Monday, January 19, 2015

No live organism can continue for long to exist sanely under conditions of absolute reality

I was looking for Halloween reads last October and Shirley Jackson's The Haunting of Hill House came up again and again. I've read her short story "The Lottery" (and loved it) and figured I need to try one of her full length novels. I've heard only good things about Hill House while We Have Always Lived in the Castle has gotten some mixed reviews, so I decided Hill House is where I should start.

My copy, part of the Penguin Horror Series, included a decently long intro on horror overall by Guillermo Del Toro and now, I sort of want to read an entire book about the history of horror fiction by him. Maybe he could take some time off from directing to expand this entry out into a full book, pleaseandthankyou. I don't think it's true to say that the intro was better than Jackson's story, but the intro has stuck with me in a way that the story hasn't. Before I get into it, a quick summary.

Hill House is a supposedly haunted mansion. Dr. Montague is a professor investigating paranormal activities and he rents the house for the summer in the hopes of finding something. He invites a number of people who have experienced paranormal events to come and stay with him. Naturally, most people ignore his letters, with the exception of two women: Eleanor, a quiet woman who has spend the last several years taking care of her invalid mother and more recently dominated by her sister and her sister's family, and Theo, an artiste. Luke, heir to the mansion, is also going to hang out with them. And then there are the super creepy caretakers Mr. and Mrs. Dudley who refuse to stay in the house at night and discourage the people from coming in and also might be robots.

There are creepy moments in the book. Doors won't stay open, regardless of it they're propped open or not. There's a strange voice and knocking noises and seems to be SOMETHING trying to get into the guests' rooms. It's never explicit what's actually happening. Is there something out there? Is this all in the characters' heads? Maybe just Eleanor's?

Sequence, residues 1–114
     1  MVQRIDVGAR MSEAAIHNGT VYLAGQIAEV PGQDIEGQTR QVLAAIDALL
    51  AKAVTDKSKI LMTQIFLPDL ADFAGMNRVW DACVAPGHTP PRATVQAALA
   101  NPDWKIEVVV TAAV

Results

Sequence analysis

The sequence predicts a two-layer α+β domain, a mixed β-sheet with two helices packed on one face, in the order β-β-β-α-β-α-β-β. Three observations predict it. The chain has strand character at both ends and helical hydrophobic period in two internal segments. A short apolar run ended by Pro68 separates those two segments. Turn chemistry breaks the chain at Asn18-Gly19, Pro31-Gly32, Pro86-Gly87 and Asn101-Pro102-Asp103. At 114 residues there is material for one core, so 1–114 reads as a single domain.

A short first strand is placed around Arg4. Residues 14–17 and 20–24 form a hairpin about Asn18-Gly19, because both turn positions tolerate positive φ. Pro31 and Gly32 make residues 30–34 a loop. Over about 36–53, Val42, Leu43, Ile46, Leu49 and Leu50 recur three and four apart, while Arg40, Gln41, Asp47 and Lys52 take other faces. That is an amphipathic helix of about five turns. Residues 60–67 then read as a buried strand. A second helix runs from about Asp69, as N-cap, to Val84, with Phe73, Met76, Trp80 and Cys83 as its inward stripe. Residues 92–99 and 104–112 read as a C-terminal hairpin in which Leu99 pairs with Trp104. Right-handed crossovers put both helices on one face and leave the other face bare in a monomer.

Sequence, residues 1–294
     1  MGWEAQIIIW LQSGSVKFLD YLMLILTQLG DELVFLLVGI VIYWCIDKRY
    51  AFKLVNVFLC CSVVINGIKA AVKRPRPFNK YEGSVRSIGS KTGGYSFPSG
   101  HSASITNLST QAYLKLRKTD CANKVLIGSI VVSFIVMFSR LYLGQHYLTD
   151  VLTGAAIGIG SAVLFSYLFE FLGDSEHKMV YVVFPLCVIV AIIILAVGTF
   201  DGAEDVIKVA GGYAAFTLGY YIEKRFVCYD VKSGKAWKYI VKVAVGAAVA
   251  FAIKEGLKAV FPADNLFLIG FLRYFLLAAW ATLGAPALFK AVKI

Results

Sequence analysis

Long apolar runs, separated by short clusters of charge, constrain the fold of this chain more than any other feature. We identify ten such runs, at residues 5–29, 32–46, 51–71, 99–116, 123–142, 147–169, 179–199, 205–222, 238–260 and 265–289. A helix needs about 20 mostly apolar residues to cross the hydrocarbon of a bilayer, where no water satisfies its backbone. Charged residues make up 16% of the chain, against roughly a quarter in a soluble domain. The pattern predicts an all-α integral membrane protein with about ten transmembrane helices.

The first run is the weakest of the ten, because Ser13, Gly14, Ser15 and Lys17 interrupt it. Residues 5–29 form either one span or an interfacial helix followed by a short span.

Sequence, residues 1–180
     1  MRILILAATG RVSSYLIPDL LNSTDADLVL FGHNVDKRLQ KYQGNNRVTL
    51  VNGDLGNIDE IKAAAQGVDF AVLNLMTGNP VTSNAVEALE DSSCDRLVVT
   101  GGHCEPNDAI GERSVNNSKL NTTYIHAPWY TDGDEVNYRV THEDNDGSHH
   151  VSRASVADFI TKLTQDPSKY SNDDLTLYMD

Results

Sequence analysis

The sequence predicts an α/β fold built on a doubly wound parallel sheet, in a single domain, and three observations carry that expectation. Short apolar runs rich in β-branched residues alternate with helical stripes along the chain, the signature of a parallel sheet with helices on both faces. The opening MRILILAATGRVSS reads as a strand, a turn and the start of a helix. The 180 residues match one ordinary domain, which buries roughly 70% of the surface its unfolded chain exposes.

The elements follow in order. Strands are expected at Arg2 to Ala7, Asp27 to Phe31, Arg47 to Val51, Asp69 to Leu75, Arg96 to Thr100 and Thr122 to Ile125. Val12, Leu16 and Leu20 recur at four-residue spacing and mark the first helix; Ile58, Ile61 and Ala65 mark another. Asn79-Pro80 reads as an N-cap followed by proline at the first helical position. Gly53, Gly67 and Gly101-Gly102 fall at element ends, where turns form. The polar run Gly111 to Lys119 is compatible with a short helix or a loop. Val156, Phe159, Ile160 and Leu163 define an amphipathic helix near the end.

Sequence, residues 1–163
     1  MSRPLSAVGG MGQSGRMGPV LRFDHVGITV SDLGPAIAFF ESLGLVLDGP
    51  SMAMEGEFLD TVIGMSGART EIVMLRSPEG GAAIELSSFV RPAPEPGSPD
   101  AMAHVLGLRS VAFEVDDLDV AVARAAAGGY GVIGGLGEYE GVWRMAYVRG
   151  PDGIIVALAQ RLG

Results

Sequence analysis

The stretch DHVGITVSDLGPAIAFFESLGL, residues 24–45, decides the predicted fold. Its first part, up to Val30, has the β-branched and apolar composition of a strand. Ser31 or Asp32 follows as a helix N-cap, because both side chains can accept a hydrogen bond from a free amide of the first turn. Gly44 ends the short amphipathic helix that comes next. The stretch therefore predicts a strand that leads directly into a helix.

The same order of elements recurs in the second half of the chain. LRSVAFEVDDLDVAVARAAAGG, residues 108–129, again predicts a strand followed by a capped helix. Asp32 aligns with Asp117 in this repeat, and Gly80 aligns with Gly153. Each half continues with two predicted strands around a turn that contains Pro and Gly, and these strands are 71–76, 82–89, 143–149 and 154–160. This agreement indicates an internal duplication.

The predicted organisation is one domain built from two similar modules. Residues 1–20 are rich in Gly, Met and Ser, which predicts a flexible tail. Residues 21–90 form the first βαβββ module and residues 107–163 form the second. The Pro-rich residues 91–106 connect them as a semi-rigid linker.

The haunting moments were scary. The fact that you're never really sure what's happening amps up the fear. But I had trouble with the characters. Mostly because I never fully believed them. We got some good background on Eleanor in the beginning and I thought maybe we'd spend more time fleshing the characters out. Or maybe not even fleshed out. I would have been fine if maybe we just stick with Eleanor and never really learn more about the other characters because we're dealing with Eleanor and how she perceives them. But the interactions between the characters never read as true. Mrs. Dudley can be stilted and sound like she's just reciting from a script. That's her thing. But the interactions between Dr. Montague, Luke, Theo, and even Eleanor should have seemed more natural.

Ultimately, the story was a bust for me. There were some good moments and it's cited so often as an ultimate haunted house story, so there's something there. But in the end, I preferred the intro (and highlighted more lines there) than the story itself.

But hey, check out these quotes from that intro!
To learn what we fear is to learn who we are. 
The tragedy in Poe's world is not the darkness in which we wallow but the fact that we once contemplated heaven. 
This is perhaps one of the most veiled and pervasive horrors in Jackson's fiction: We are always alone.

GIF rating:

Title quote from page 3.

Jackson, Shirley. The Haunting of Hill House. Penguin Classic, 2006. Originally published 1959. Kindle.